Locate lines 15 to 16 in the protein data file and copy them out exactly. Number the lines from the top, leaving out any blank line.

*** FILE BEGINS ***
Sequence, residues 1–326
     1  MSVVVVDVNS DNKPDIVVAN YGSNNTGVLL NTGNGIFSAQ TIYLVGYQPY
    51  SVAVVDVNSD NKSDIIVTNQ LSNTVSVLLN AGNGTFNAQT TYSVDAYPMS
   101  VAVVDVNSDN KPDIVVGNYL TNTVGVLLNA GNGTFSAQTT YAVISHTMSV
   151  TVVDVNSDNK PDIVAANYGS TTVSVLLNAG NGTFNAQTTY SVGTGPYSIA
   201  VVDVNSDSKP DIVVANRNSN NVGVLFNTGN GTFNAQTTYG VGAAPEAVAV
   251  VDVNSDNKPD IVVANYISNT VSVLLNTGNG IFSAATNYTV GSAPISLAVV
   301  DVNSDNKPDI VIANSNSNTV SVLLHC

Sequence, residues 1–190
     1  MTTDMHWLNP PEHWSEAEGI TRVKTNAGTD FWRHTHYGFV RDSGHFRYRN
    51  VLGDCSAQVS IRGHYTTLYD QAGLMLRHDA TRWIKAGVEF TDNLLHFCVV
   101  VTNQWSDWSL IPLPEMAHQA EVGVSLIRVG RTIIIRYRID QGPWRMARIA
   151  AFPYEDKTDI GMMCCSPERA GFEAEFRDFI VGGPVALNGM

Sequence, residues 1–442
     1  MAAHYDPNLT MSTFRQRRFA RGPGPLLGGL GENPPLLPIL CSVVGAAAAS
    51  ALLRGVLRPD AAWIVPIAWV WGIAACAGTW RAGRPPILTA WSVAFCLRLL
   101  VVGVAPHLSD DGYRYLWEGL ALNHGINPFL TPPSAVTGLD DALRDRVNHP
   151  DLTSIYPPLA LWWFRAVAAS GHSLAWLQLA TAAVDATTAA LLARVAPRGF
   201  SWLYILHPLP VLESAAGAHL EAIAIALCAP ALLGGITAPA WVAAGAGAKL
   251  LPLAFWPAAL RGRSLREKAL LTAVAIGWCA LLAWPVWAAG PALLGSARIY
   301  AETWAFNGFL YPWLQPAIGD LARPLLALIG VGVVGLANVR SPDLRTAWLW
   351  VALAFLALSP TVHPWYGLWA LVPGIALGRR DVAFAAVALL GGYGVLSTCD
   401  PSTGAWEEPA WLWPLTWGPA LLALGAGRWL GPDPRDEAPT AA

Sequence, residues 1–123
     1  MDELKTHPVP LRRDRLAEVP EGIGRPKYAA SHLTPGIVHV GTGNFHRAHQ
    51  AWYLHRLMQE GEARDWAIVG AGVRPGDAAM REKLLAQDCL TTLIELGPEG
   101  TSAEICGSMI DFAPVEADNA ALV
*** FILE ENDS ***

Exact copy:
     1  MAAHYDPNLT MSTFRQRRFA RGPGPLLGGL GENPPLLPIL CSVVGAAAAS
    51  ALLRGVLRPD AAWIVPIAWV WGIAACAGTW RAGRPPILTA WSVAFCLRLL